The very site of the hotel has historic significance. Micha said that the first white settler to La Crosse dragged some logs across the frozen Mississippi in the winter of 1848 and began building a fur trading post on the site. This makes the land on which the Charmant sits the first trading post settlement in the region.
Transforming a structure that was built in 1898 was no easy task. And the work that construction crews took on wasn’t simple. The general contractor on the project, C.D. Smith Construction, had to oversee the removal of the building’s existing roof and the addition of a fifth level. This meant that the building had to be brought up to code for vertical and lateral load requirements.
Steve Roloff, structural engineer with R.A. Smith National – which provided structural engineering and landscape services The Kubala Washatko Arhitects – said that he and the rest of R.A. Smith’s staff had to work without the benefit of drawings. There weren’t any available of the old structure.
“It’s easy to design a new building with all-new materials,” Roloff said. “It’s a little more difficult to take a building that is 100 years old with no documents supporting it and figure out what to do with it. There weren’t any drawings we could refer to. Everything we based the structural system on was based on visual observation and physical measurements.”
This meant that the engineering crew had to rely largely on partial demolition testing. They had to cut pieces of steel to determine the thickness of columns and what grade of steel was used in the building’s original construction.
The building’s rooftop garden is another highlight of the new hotel. It was designed as a gathering place for guests, not a passive garden that no one would see.
Tom Mortensen, registered landscape architect with R.A. Smith National, said that creating an aesthetically pleasing rooftop garden can be a challenge.
“Rooftops are brutal environments,” he said. “There’s heat in the summer. Wind all year long. They can be brutally cold in the winter. You really have to study what will work up there and give people an aesthetic that won’t look like a bad hair day most of the year.”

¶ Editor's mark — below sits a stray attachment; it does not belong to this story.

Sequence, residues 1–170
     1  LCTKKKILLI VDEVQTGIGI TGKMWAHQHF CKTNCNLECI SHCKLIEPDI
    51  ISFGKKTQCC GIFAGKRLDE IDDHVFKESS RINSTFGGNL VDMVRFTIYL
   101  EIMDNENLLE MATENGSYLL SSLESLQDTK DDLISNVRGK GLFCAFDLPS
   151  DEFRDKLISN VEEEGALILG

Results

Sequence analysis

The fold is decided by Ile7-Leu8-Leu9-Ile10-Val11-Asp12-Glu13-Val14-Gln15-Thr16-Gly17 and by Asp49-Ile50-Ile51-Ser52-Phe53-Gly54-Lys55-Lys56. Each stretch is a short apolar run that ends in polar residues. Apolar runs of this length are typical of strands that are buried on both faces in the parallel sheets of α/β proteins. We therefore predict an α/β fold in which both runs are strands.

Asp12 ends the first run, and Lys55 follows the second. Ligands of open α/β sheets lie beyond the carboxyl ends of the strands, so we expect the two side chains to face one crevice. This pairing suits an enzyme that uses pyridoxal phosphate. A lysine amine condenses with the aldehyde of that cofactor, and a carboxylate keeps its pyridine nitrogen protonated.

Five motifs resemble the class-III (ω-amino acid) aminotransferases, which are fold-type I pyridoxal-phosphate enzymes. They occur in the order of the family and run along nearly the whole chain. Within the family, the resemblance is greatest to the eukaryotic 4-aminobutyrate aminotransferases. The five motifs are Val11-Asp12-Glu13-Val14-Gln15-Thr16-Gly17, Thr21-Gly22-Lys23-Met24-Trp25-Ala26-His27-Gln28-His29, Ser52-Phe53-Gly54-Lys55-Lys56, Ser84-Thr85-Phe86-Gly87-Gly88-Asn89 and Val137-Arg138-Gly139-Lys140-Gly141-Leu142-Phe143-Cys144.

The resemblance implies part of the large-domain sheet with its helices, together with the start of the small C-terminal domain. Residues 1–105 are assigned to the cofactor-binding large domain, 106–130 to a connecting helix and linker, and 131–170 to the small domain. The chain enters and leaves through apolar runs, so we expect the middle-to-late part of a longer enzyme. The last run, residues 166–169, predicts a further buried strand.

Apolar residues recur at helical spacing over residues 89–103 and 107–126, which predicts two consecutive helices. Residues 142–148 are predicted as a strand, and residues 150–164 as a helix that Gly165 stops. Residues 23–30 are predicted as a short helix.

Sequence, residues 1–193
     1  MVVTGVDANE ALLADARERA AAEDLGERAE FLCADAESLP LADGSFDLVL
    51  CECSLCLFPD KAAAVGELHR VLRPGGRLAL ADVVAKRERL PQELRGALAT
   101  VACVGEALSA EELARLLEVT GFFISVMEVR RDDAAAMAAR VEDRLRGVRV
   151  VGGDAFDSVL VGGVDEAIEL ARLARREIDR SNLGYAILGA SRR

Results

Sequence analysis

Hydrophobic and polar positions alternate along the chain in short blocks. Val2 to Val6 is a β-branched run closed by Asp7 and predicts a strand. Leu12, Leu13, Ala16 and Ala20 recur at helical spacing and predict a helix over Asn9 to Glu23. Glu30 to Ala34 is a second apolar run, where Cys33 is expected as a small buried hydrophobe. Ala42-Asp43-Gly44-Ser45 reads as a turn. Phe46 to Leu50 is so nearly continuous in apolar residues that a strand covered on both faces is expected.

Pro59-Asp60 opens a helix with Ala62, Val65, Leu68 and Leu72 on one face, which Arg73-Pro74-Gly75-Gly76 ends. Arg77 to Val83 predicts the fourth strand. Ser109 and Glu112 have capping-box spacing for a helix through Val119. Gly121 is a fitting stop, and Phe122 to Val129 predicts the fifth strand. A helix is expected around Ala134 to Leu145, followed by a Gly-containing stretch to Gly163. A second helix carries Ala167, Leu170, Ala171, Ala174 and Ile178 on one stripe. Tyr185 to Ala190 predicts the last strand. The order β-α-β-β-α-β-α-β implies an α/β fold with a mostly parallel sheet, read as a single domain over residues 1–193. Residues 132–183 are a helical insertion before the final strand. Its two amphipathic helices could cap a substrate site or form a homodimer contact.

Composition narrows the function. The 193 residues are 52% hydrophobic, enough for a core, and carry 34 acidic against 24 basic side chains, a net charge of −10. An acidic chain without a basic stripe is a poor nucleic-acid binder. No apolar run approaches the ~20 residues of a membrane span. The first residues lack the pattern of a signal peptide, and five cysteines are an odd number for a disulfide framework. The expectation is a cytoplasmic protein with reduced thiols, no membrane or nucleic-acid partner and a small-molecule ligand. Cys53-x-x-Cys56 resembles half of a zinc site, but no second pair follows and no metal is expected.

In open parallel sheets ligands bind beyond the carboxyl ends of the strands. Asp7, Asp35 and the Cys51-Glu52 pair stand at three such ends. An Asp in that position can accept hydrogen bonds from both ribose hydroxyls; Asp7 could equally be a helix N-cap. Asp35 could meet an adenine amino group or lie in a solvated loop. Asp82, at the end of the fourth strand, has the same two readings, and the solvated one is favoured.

Mortenson could only choose plants that would thrive in soil that was just six inches deep. He also supervised the installation of a drip-irrigation, a system that would thwart the often high winds that would blow away water without such a system.
“The rooftop gardens were not an afterthought,” Mortenson said. “We wanted to create a place for people, not just a green roof for stormwater management. It is a rooftop space for people to enjoy. The aesthetic and function had to work together.”
The rooftop gardens now include an outdoor seating area and, of course, some wonderful views across the Mississippi River.
Micha said that the entire team that worked on the Charmant should be proud. They’ve created a new gathering place in town, one that will provide a boost to the local economy while saving a building that is more than a century old.
“One of the biggest concerns the owner had was that this hotel needed to be accessible,” Micha said. “It needed to be welcoming and not pretentious. We wanted the locals to feel that this was a place for them, too, not just for travelers. I think we’ve done that. The building is a focal point from the park. When you’re in the park and looking back toward downtown, that building becomes your focal point. It’s a visual hub. It’s in a perfect location.”